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The Normandy American Heroes Blog

World War Two, Normandy and More


Posted by Rodolphe Passera on Sep 4, 2018 10:00:01 AM


Arnold Lewist Bentley

The England team composed of Tommy Thirsk and Arnold Bentley achieved the incredible feat of defeating Germany Golf Prize of Nations in 1936

This avoided Reich Minister of Propaganda of Nazi Germany Joseph Goebbels to exploit, at least for a short time, the "Master Race" Nazi vision. It's based on the notion that the Aryan or Teutonic peoples were the great force, the great civilizing force through history and they’d become Germanic...the German people...

The Aryan Teutonic people were the best because that’s how fate, providence, nature had intended them. They believed that the superhuman Aryans had been weakened by interbreeding with inferior and morally corrupt races. The enemies of Aryan Germany being the Bolsheviks, the Communists and most of all, the Jews...who already in 1936 were excluded from Golf clubs in Germany!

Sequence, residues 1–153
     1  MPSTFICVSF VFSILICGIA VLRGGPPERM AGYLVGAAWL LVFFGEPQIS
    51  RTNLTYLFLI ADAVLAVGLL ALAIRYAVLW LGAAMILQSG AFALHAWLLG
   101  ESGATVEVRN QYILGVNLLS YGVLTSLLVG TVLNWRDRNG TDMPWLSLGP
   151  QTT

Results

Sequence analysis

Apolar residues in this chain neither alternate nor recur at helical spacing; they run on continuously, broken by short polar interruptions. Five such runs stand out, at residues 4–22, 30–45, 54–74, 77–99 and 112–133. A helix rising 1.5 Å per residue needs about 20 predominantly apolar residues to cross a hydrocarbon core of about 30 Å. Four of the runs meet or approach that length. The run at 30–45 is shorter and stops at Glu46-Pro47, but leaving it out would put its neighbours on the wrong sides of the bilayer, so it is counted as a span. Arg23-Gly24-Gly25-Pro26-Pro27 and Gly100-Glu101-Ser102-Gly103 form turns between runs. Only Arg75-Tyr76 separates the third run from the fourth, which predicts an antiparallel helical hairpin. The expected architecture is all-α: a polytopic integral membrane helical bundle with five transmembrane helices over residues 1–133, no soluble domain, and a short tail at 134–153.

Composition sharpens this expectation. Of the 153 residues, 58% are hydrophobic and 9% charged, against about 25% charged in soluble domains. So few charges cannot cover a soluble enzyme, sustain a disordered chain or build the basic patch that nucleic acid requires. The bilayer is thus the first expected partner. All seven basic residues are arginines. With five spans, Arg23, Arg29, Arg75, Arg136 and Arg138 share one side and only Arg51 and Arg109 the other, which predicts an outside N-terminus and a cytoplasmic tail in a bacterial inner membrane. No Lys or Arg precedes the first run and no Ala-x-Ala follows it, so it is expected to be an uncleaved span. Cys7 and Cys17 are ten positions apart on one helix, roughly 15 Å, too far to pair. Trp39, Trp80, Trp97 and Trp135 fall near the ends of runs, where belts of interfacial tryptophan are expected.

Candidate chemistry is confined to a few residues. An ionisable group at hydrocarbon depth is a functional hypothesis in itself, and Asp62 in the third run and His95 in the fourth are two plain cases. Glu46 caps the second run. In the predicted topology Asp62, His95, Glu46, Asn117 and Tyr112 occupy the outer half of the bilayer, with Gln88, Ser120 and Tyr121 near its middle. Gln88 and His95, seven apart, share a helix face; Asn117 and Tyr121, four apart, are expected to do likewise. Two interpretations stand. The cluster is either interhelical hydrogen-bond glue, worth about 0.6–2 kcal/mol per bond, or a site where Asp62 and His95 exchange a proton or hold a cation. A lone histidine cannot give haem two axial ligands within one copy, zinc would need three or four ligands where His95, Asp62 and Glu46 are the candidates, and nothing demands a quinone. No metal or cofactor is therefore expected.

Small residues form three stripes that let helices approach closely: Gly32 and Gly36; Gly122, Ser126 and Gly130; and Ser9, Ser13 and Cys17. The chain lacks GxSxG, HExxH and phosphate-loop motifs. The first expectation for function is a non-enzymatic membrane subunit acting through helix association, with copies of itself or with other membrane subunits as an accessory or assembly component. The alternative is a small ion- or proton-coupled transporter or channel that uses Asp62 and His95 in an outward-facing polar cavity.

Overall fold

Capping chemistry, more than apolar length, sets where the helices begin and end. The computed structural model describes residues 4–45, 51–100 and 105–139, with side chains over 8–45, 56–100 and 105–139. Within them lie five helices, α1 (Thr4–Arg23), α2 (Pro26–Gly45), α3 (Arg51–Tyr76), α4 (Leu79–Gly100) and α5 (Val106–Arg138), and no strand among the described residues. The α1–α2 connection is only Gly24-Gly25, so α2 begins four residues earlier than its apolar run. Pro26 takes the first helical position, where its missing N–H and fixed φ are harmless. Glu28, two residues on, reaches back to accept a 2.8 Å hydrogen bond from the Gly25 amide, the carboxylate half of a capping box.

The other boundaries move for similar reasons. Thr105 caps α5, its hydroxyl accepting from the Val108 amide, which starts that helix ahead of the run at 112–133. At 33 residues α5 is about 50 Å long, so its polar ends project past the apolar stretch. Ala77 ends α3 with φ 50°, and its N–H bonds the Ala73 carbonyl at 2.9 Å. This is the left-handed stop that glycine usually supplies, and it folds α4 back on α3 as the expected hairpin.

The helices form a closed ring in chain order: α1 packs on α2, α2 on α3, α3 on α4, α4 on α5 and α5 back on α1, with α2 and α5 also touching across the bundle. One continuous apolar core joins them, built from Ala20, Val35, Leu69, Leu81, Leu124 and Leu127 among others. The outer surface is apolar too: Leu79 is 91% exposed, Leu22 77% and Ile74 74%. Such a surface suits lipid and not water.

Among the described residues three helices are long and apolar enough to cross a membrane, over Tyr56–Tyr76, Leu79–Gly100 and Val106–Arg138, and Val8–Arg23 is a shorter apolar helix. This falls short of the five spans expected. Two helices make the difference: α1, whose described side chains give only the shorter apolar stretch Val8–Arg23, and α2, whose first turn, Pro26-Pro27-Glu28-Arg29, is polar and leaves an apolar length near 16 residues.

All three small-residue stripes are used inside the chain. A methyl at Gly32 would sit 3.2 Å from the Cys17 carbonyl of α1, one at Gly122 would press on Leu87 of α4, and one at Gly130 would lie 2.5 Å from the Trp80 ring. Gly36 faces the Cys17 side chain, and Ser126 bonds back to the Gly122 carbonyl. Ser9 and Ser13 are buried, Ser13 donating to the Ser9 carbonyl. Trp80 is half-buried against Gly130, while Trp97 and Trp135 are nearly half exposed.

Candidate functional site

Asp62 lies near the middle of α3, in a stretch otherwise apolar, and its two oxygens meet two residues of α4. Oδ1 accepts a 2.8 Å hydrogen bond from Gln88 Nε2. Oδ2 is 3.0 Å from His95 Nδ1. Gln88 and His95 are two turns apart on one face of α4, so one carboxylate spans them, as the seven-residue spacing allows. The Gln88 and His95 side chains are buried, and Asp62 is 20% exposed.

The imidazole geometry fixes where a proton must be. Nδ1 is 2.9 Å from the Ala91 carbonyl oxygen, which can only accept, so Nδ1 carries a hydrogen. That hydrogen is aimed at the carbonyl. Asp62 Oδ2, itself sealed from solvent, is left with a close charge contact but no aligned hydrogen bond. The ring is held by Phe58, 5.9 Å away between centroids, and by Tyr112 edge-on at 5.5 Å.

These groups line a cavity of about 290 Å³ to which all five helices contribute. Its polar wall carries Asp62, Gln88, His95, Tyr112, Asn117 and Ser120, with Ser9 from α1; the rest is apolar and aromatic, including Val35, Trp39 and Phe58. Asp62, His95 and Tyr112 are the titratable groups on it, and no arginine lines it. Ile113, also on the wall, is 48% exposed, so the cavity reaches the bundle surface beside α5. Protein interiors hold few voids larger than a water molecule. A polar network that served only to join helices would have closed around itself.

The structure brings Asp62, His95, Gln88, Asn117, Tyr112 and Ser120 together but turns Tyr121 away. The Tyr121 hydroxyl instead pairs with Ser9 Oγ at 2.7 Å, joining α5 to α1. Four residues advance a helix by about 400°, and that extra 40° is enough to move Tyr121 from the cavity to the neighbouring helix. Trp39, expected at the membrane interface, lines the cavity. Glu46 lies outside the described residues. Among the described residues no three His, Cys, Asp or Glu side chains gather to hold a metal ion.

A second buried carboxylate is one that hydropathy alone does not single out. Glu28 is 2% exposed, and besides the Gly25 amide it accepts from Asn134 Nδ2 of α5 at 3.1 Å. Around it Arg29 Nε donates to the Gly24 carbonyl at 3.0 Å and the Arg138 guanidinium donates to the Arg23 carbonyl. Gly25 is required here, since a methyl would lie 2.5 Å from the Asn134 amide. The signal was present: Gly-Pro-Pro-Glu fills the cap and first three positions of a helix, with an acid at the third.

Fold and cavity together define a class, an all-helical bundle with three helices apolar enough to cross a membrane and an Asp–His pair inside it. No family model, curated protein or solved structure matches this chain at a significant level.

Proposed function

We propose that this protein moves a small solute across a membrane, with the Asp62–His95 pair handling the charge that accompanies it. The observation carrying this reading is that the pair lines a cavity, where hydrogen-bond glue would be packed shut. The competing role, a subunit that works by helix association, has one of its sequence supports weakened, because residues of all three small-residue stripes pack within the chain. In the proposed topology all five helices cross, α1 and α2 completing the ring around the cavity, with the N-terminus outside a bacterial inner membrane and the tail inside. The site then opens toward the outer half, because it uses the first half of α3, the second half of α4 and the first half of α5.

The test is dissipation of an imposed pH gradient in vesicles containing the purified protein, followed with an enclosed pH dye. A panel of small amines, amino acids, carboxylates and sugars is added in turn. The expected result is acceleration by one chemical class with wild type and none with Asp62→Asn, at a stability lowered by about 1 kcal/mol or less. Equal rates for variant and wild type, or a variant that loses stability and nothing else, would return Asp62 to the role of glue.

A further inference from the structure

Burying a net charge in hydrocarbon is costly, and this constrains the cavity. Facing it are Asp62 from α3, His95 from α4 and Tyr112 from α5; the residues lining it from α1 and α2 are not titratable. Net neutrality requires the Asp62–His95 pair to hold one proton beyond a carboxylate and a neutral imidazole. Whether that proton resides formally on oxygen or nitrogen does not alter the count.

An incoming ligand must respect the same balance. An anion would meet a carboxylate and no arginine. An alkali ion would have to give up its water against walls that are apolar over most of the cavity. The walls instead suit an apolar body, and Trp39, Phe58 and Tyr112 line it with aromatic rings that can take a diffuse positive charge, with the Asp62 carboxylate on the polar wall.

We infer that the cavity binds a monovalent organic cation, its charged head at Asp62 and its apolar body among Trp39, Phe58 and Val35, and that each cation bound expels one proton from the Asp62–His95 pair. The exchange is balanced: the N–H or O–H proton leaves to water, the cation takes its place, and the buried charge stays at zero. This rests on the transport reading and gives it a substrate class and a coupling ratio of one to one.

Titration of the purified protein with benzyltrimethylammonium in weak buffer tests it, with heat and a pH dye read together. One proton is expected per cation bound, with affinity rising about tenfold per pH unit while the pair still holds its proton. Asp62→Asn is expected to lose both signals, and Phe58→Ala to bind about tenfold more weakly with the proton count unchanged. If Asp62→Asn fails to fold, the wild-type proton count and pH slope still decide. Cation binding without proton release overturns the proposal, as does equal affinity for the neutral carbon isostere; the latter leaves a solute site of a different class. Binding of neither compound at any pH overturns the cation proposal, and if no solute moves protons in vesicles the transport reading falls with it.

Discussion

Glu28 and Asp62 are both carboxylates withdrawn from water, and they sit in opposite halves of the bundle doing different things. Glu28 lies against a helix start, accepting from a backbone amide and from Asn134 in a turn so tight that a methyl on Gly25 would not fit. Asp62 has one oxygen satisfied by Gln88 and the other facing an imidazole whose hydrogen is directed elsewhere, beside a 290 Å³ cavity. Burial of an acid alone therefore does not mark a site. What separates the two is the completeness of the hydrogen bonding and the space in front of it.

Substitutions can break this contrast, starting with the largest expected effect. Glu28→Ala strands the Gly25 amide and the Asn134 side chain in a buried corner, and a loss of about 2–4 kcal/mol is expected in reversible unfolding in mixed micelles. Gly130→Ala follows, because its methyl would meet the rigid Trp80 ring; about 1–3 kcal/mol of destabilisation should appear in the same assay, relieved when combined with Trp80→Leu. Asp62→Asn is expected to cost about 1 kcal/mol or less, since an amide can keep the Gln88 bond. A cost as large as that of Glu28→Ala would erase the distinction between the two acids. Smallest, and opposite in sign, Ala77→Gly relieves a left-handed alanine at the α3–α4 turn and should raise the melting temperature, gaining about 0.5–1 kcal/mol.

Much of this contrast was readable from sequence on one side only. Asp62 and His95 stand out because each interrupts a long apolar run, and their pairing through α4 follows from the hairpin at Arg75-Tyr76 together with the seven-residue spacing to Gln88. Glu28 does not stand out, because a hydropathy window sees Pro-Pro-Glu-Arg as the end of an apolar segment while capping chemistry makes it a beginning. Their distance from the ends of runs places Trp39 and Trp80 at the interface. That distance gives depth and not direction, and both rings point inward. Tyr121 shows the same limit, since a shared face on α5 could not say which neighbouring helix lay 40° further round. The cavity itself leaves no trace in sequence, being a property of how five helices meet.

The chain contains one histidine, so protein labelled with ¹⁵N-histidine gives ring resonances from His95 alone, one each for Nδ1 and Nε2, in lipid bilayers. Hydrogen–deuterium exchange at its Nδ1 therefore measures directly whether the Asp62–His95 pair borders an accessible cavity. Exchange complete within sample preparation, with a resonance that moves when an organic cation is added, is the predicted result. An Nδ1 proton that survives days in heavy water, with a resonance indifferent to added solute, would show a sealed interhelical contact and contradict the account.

So who were these two ordinary men who achieved the incredible feat of defeating Hitler's and Goebbels propaganda?

Let's start with Arnold Lewis Bentley (1911 - 1998).

Arnold was the youngest of the acclaimed Bentley brothers, his brother Harry already being a well respected figure in European Golf. In addition to membership of the Royal & Ancient Golf Club, (The Royal and Ancient Golf Club of St Andrews was founded on 14 May 1754 with the first Challenge for the Silver Club), Hesketh Golf Club (Honorary Life), Royal St George Golf Club (* one of the world’s great sporting events will return to the south east of England in 2020 when the 149th Open is played at Royal St George’s Golf Club), Royal Birkdale Golf Club (** Royal Birkdale Golf Club has held more Championship and International events since World War II than any other course in the world!) and Sunningdale Golf Club (***).


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Harry was also a member of Monte Carlo Golf Club (**** It offers an 18-holegolf course in an idyllic setting between the sea and the mountains!), Le Touquet Golf Club (***** Set in the dunes, it has hosted many major tournaments, including the French Open on six separate occasions), Saint Cloud Golf Club (****** Saint-Cloud Golf Club was one of two French clubs which was invited to the 250th anniversary of Saint Andrews in 2004) and Real Club de Golf Guadalmina and was the winner of several European national championships. There is a little doubt that had WWII not occurred, Arnold would have achieved similar success as his elder brother Harry incredible golf career.